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Charm Depends on Which Pocket You Look In : * Van Nuys: Though lacking the cachet of its neighbors, it offers areas of desirable living that attract new residents and draw back those who have left.

March 15, 1992|CAROL TICE | SPECIAL TO THE TIMES; Tice is a free-lance writer who lives in Los Angeles

After living all over the United States, Karen Cullie was drawn to Van Nuys by her mother and her son.

She wanted to be close to her recently widowed mother, who'd retired to the mid-San Fernando Valley suburb. And, as a single mother who works as executive director of the Los Angeles County chapter of Mothers Against Drunk Driving, the 42-year-old Cullie also needed reliable child care for her 11-month-old son, Mckenzie.

At the same time, Cullie's good friend Salley Stott, a psychiatrist, was looking for child care for her toddler foster son. Now the two women share a housekeeper--and a rambling three-bedroom house on a quiet Van Nuys street. The household also includes Cullie's 19-year-old daughter, Gillian, who attends Cal State Northridge.

"The original idea was to buy a place that had a guest house, but we just never found any place," Cullie said. Added Stott: "Finally, we thought, 'Well, why don't we just live in the same house?' "

After a five-month search, the two women found just the right house in a quiet neighborhood for $230,000.

"This house has two fireplaces, the hardwood floors, the French doors, the cozy little patio," Cullie said. "That's how I grew up. It was the tradition I was looking for for my son."

For Stott, the arrangement offered a chance to own after years of renting. "Buying a house had been a goal of mine for down the line, but it's a rough thing financially for a single woman," she said. "So it helped more than just in terms of housekeeping."

Van Nuys is replete with housing tracts like the one Cullie and Stott live in, where cul-de-sacs, dead ends and barrier islands keep the neighborhoods quiet and traffic down.

A city of more than 200,000, Van Nuys is 25.2 square miles in size and located in the center of the San Fernando Valley.

It is known as the site of the largest small-craft airport in the world, and industries like Anheuser-Busch and the soon-to-close General Motors plant.

Although Van Nuys lacks the cachet of its hilly neighbors, Sherman Oaks, Encino and Granada Hills, the city offers luxurious homes--if you know where to look.

Perhaps the ultimate in Van Nuys living is a secluded tract known as Midvale Estates.

When 63-year-old Clair Schutte first came to Los Angeles in 1957 to attend chiropractic school, he used to drive through the area, admiring its spacious homes on extra-large lots and quiet, curbless streets. "Ever since I moved here, I wanted to live in Midvale Estates," said Schutte, who's now been a practicing chiropractor in the city for 30 years.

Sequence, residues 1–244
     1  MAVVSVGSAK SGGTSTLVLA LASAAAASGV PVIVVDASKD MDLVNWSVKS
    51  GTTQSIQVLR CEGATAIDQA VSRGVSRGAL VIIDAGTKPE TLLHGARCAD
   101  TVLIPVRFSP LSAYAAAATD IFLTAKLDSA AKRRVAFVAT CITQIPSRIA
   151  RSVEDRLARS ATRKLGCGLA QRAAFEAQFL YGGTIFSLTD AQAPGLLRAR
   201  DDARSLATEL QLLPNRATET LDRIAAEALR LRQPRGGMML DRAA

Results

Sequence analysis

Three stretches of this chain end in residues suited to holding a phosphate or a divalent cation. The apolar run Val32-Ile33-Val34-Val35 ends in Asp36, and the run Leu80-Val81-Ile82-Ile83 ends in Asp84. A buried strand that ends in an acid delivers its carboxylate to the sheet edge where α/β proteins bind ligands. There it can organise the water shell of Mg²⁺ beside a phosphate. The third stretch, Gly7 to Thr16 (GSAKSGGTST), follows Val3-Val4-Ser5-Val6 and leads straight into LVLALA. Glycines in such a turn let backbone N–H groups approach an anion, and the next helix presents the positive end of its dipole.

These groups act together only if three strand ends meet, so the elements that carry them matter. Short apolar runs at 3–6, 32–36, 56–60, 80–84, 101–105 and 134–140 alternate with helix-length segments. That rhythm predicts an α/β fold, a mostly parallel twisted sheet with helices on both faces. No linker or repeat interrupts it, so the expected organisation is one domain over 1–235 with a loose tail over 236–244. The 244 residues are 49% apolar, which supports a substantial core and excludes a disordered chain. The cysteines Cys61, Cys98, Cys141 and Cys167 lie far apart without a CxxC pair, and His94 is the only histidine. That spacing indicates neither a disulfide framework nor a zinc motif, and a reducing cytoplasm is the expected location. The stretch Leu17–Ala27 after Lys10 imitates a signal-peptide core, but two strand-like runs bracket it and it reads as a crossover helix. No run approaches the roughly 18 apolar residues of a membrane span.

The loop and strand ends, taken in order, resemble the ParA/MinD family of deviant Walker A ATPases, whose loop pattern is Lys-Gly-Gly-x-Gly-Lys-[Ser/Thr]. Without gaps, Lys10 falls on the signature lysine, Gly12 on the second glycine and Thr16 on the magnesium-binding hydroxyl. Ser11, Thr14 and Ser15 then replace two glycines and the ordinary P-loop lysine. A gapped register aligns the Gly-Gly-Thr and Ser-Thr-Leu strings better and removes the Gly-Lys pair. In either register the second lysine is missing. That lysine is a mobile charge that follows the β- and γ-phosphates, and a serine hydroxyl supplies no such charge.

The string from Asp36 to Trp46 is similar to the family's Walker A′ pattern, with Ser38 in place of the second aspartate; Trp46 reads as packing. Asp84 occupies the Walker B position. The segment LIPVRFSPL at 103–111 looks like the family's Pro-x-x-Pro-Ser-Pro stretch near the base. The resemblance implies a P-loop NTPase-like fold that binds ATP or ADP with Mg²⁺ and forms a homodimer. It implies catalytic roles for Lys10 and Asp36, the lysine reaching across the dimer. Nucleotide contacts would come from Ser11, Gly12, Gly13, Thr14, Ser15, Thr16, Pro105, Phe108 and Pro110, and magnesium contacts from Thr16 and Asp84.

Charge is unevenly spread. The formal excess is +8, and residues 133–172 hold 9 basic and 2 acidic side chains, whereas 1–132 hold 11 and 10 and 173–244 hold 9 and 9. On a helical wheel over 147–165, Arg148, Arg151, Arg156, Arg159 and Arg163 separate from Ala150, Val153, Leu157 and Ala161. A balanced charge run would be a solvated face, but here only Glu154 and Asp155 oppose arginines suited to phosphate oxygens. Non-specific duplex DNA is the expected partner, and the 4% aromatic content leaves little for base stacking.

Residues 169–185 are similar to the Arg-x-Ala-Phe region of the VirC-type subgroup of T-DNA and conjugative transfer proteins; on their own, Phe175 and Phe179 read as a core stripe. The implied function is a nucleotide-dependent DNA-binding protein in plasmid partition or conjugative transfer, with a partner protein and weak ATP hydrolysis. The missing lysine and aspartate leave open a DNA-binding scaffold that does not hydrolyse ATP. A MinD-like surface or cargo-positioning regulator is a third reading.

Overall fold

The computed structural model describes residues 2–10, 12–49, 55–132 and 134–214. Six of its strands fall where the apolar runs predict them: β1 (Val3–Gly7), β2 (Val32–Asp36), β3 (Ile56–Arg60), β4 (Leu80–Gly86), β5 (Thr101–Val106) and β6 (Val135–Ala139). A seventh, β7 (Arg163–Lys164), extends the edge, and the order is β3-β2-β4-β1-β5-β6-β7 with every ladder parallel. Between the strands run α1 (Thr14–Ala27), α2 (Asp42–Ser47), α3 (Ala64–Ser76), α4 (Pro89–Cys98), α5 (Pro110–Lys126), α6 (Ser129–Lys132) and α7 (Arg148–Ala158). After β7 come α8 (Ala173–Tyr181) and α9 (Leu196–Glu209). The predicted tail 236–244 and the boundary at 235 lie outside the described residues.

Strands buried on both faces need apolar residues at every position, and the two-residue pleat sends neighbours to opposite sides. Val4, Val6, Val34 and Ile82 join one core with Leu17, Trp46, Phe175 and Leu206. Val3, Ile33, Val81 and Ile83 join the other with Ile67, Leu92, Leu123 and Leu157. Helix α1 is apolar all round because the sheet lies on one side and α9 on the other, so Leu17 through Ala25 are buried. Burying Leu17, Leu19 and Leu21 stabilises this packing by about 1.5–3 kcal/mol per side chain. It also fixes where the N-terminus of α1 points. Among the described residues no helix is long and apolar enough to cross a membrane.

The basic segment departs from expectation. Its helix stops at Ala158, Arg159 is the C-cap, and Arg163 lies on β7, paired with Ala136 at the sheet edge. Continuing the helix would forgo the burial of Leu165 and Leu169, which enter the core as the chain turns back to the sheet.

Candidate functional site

In 1975, Schutte got his wish: he made a deal with the original owner of a large four-bedroom, three-bath Cape Cod and, for $90,000, became a resident of his dream neighborhood.

The house is such a classic example of its style that it has been used as a location for films, television movies and commercials. Besides, Schutte said, "It's very convenient to get to work--it takes five minutes."

The quiet streets of Midvale Estates seem unchanged, but the neighborhood around them, Schutte admitted, is not the sleepy suburb it once was. "It's much more crowded now," he admitted. "There's more graffiti."

Still, Schutte loves his sprawling home, despite its location just east of Sepulveda, generally considered less desirable than living farther west.

"This area has stayed the same," he said. "It's quiet here, even though Sepulveda's right over there. It's a nice place to live."

Not everyone agrees with Schutte. Carol Rushay, a real estate agent at Pinnacle Realty, sells in the area west of Sepulveda Boulevard known as West Van Nuys. The prices for the area's mostly older, smaller homes start at $175,000.

"The older people I've talked to have had it," Rushay said. "They want out. They're tired of the different nationalities moving in, the rat race, the smog, the traffic."

The "nationalities" refer to an influx of Latino peoples, primarily from Mexico and Central America, who now account for more than 20% of Van Nuys' population. If the image some older Van Nuys residents have of Latinos is one of dayworkers standing on street corners, Jose Castillo wants to change that.

Castillo, the owner of Business Systems Plus and a member of the Van Nuys Chamber of Commerce, is forming an organization for Latino entrepreneurs. Castillo hopes to give Latino business owners a higher profile in the community and start a program to develop leadership in Latino youth. "People are moving out of the area because they think it's undesirable," he admitted.

It's ironic that a Spanish-speaking heritage is now considered a negative attribute. The San Fernando Valley was discovered by the Spanish in 1769, during an expedition led by Gaspar de Portola. The valley was primarily farmland until the arrival of water via the Owens Aqueduct was assured in 1909.

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